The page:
When my youngest daughter was a newborn, I had 5 weeks of maternity leave that I cobbled together by using sick and vacation days. There was no maternity leave at the university I worked for. Never mind the inherent unfairness of telling a very pregnant woman that she can’t use a sick or vacation day if she still wants a maternity leave, it’s kind of mind boggling that 18 years later they have finally given women standard maternity leave there. My daughter is going to college and I’ve long since quit my job and they have finally gotten around to fixing that.

After my five weeks were up, I negotiated a work from home situation so I could continue to breastfeed. I attempted to find a regular babysitter so I could work. My position was the Manager of Instructional Design and Research for a team that created online instruction for undergraduates. So to say that my work from home was doable is kind of an understatement. I created online courses and wrote grants. But I still had to come in for meetings and eventually management told me that I could no longer manage employees if I worked at a distance. There had been no issues, but that’s just, you know, “what they felt.” So I had to give up my title and my direct reports. And then they said if I wanted to continue working from home, I’d have to go part time. Again, no issues, just “what they felt.” So I reduced my hours.

Babysitters would come and go and call in sick and I’d have to figure out my day. Conference calls and meetings and deadlines never changed. My daughter napped 20 minutes in the morning and 20 minutes in the afternoon. I ended many days in tears trying to figure out how to get anything done. I tried part time daycare for her. And then it all came to a head at the same time we realized that my daughter had severe, life threatening food allergies that kept getting messed up at daycare. Hives on a good day. Anaphylaxis on a bad one. Management said I had to come back full-time in person, despite the fact that my work was always done at an incredibly high level and I had perfect performance reviews. So I quit. After one of the most stressful periods of my life that ended up with me wearing a heart monitor and emergency echocardiograms and a heart that was out of rhythm.

So I understand what parents are going through right now trying to work from home without childcare. It’s brutal. But I can’t help but rant a little bit about it. Women have been attempting to work from home while raising children for many, many years. No one particularly cared about what I or others faced. And beyond, when I wanted to work from home, I’m pretty sure management thought I was taking an easy way out. Working from home is not easy. And working from home with young children is incredibly hard. You learn how to accomplish major tasks in ten minutes here, ten minutes there. You long for an office where you have some quiet and a lunch break. You cannot close the door for your conference call. You are balancing babies on the hip while making a sandwich and trying to write a federal grant. While changing a dirty diaper. You are scattered. You are incredibly stressed.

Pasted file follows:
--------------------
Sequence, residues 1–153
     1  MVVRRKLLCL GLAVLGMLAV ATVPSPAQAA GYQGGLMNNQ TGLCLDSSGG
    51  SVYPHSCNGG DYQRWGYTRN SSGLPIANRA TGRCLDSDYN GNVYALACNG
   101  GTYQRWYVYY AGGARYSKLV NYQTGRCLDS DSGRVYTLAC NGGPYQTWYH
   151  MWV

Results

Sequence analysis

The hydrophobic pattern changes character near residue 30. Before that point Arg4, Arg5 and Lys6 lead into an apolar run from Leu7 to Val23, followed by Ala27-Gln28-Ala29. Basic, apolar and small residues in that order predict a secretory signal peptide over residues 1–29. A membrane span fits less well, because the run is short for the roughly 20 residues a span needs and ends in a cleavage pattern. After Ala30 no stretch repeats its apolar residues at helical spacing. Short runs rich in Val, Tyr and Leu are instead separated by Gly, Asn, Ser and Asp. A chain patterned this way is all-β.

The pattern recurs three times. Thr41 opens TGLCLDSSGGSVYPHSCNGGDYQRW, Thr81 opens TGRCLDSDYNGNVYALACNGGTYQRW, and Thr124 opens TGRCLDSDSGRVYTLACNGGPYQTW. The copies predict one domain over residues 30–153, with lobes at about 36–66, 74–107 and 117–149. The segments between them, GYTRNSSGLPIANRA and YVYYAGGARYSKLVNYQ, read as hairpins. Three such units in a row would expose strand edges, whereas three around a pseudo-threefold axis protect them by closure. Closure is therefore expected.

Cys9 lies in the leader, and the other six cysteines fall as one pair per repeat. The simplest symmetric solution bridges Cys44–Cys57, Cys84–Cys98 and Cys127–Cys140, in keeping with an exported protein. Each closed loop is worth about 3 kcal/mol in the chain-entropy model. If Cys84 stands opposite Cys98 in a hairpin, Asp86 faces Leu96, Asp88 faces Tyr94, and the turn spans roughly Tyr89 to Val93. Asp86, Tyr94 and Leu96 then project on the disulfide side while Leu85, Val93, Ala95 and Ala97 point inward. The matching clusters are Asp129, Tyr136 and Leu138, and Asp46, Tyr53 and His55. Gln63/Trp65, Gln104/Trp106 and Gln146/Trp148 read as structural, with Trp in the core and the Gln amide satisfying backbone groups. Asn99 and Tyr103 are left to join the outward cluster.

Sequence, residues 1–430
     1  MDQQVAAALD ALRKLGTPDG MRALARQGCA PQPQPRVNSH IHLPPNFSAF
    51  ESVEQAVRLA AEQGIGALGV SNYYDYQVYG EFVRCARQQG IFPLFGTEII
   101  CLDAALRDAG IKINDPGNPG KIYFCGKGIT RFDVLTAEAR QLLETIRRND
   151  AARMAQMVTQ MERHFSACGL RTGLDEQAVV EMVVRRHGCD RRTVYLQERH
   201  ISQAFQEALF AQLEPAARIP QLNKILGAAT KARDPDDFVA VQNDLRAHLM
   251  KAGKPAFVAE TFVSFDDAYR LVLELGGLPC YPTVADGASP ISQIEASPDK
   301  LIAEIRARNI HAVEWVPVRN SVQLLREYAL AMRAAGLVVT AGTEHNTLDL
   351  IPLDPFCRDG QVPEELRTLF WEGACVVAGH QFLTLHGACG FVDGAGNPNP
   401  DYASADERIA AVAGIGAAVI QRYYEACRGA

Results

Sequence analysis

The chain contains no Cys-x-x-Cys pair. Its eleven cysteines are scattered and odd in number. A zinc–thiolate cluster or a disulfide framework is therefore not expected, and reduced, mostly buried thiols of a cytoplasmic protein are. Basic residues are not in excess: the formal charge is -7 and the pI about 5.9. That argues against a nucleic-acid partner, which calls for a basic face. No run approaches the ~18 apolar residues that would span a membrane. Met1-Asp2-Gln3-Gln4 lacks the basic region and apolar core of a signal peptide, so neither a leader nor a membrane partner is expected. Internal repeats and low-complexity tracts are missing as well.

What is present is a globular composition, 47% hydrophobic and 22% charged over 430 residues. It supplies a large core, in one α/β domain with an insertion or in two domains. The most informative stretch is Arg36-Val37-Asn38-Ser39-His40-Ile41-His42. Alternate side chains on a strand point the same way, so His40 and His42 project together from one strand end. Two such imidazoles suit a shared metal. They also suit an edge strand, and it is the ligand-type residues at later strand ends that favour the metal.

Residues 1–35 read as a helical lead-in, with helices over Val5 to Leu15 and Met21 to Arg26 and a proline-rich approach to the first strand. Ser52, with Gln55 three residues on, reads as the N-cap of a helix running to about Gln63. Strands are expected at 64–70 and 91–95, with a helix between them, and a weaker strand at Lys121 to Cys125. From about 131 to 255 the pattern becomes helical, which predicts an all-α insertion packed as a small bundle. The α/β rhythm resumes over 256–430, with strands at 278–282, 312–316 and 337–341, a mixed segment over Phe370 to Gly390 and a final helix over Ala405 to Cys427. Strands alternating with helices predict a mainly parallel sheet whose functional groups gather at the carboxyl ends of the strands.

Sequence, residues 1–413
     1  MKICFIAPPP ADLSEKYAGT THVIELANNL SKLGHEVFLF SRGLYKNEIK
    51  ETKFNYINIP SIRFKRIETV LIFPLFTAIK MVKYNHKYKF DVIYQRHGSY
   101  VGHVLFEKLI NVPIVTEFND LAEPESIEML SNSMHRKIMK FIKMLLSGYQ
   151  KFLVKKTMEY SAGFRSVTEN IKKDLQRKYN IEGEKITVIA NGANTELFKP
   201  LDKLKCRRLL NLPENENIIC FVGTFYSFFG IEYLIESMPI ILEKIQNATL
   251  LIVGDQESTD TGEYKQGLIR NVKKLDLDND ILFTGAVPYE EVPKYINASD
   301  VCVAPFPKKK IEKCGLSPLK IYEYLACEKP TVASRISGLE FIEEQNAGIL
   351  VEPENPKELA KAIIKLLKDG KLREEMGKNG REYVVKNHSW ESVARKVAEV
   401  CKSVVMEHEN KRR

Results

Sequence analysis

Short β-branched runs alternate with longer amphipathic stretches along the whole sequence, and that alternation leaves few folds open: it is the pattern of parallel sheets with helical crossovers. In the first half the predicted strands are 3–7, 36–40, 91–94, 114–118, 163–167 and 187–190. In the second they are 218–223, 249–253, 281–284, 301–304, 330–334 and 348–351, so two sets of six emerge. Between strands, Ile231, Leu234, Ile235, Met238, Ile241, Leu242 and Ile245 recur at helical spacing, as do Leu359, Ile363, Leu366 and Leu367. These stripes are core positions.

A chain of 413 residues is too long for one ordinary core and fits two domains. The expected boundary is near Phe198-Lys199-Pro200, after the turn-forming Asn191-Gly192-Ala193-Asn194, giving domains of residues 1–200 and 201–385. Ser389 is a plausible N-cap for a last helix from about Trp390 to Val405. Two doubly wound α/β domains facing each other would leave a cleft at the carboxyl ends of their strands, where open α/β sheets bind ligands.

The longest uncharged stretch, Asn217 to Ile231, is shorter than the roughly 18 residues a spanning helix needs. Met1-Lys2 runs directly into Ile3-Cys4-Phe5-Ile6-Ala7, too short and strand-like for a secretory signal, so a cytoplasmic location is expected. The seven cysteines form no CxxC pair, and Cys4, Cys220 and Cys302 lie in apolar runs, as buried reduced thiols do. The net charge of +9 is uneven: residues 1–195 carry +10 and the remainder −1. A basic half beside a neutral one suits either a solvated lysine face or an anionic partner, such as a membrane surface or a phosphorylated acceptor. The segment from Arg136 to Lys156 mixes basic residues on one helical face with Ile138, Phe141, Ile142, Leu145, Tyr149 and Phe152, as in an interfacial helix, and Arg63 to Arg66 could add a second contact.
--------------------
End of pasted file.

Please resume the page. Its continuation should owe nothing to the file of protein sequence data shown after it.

But now given the coronavirus pandemic — and maybe I’m being skeptical and stereotypical — the challenges of working from home with children and no childcare are getting noticed in a much larger way. I’m seeing articles in major newspapers. I hear my husband on staff meeting calls asking how everyone is managing their work and their children. And that’s good! Work/family balance is getting the real notice it deserves. The idea that adequate childcare impacts the work we do is getting talked about.

But I can’t help but feel that this is because many more *men* are now working from home with children too.

Homemade Flour Tortillas

Makes 20 small tortillas

4 cups all-purpose flour
1 3/4 t salt
1 1/2 t baking powder
8 T unsalted butter, lard, or shortening, softened
1 1/3 cup warm water

  1. Mix flour, salt, and baking powder in a large bowl or mixer bowl. Cut in butter or shortening with a fork or pastry cutter, or with the dough hook of the mixer.
  2. Add warm water and mix with a wooden spoon or the dough hook until dough starts to come together. If using your mixer, knead the dough with the dough hook for about five minutes. Otherwise, knead the dough by hand for about 5-7 minutes. It should definitely come together in a nice ball, but still remain a bit sticky. If using the mixer, the dough will easily come off the sides of the bowl, but remain a bit sticky on the bottom.
  3. Remove dough from bowl and portion into 20 equal balls for soft taco-size tortillas. I use my kitchen scale to verify they are about the same. (Divide your total dough amount by 20 and then aim for each ball to be similar weight. I think mine were about 1.6 ounces. Or just eyeball it!)
  4. Cover dough balls with plastic or a kitchen towel and leave at room temperature to rest for 30-60 minutes.
  5. Preheat a sauté pan over medium high heat. When ready to cook the tortillas, flatten each ball into a disc and use a small rolling pin or a tortilla press to form into circles that are about 5-6 inches in diameter. Place one rolled tortilla into the heated skillet (dry) and allow to cook for 30-60 seconds until it easily moves around and has golden brown spots on it. Flip to other side and cook for 30-60 seconds more. Wrap finished tortillas in a clean, dry cloth to stay warm and repeat with remaining dough until they are all cooked.

Leave a Reply

Your email address will not be published. Required fields are marked *